If it’s Mardi Gras season again, that means it’s crawfish season also. Finding a crawfish restaurant in this area is akin to finding a coffee shop in Seattle; they’re on every street corner. Whether it’s drive-through, sit down, or on the buffet Cajuns love boiled crawfish. The trick is finding a place that cooks them to perfection.
As I stood in what seemed like the line for a ride at Disney World, I could see the lucky patrons already being served inside Richard’s restaurant in Abbeville, La. On weekend nights the line for crawfish is at least 30 to 45 minutes, but well worth the wait. The unassuming white building on LA-335 hides some of the best crawfish, crab, and shrimp eating in South Louisiana. As we slowly crept up to the threshold that takes you to the promised land of hot boiled crawfish, the exterior door opened and a farmer in his sixties popped his head in, his wife just behind. He took one look at the line of hungry people and exclaimed, “Damn! They must serve some good food in this place.” Everyone in line chuckled. This is a comfortable down home kind of place where your neighbor is two tables away and Maw Maw has purple surgical gloves to eat her crawfish that match her purple blouse and sweater. In fact as we drank a few beers while deciding how many pounds of spicy mudbugs to order, we were greeted by a friend who travels from Lafayette at least twice a month because she and her husband love Richard’s seafood.
An absolute necessity for boiled seafood of any kind is the dipping sauce. Everyone I know makes theirs differently. I love mine equal parts ketchup and mayonnaise with a dash of worchestershire and garlic hot sauces; maybe a squeeze of lemon juice when available. I don’t know why we reserve this to solely dip seafood into because anyone in their right mind would smear this on everything, breakfast, lunch, and dinner. It’s probably for the best that I only eat it with boiled seafood, as my arteries already suffer from every drop of brown gravy and fried food Cajun country has to offer.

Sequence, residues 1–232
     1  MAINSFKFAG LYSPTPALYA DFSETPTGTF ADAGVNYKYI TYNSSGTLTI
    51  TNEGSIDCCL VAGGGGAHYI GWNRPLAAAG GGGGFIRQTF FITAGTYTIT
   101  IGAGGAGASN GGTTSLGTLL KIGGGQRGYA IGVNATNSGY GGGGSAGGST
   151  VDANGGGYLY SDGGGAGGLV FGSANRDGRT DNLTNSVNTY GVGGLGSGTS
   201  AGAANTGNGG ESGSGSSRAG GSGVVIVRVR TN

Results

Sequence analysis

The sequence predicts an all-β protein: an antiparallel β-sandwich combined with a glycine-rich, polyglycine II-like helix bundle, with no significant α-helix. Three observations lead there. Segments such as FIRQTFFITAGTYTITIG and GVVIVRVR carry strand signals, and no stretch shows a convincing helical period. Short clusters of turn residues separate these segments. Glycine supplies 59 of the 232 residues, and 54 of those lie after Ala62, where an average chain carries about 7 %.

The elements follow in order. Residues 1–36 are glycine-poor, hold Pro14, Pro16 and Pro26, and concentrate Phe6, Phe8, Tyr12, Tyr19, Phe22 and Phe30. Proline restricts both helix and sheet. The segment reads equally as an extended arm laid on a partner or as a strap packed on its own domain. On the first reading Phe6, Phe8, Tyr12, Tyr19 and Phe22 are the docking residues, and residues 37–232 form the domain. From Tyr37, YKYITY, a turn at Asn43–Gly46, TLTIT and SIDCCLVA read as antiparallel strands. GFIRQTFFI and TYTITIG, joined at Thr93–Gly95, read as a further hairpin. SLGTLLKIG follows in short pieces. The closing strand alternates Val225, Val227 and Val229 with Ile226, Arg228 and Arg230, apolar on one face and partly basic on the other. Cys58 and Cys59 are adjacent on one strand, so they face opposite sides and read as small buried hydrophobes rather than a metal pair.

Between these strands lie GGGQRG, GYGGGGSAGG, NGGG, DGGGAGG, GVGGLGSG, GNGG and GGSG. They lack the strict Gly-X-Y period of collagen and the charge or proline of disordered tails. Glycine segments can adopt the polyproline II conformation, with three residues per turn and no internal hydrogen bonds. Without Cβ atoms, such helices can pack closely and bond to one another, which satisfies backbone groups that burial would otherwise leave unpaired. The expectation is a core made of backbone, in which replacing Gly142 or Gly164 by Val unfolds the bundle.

Any good athlete knows you have to stretch before a big event, same with eating crawfish; start with an appetizer. The fried alligator gave our hands and stomachs a warm up as the crawfish were boiling in the perfectly seasoned water. They were battered with a mix of cornmeal and top secret ingredients I couldn’t distinguish, then crispy fried. I dipped those in my sauce which probably contributed to the need for another round of sauce mixing after about a pound and a half of crawfish.
What I love about Richard’s crawfish is they are boiled in highly seasoned water and absorb all those spices. The seasoning is in the tails not sprinkled on top, which gets all over your hands, like at other restaurants. Every room of the building was filled with people pinching tails and sucking heads. One thing we learned is how to time your trip to Richard’s. If you get there before 7:00 you’re going to wait a while, but as we were washing our hands (and faces) around 8:30 there was no line. There is risk involved with arriving later; you may be taking the chance that the restaurant runs out of those beautiful crawfish. Needless to say we left satisfied and lips slightly burning in the afterglow of a great night of crawfish.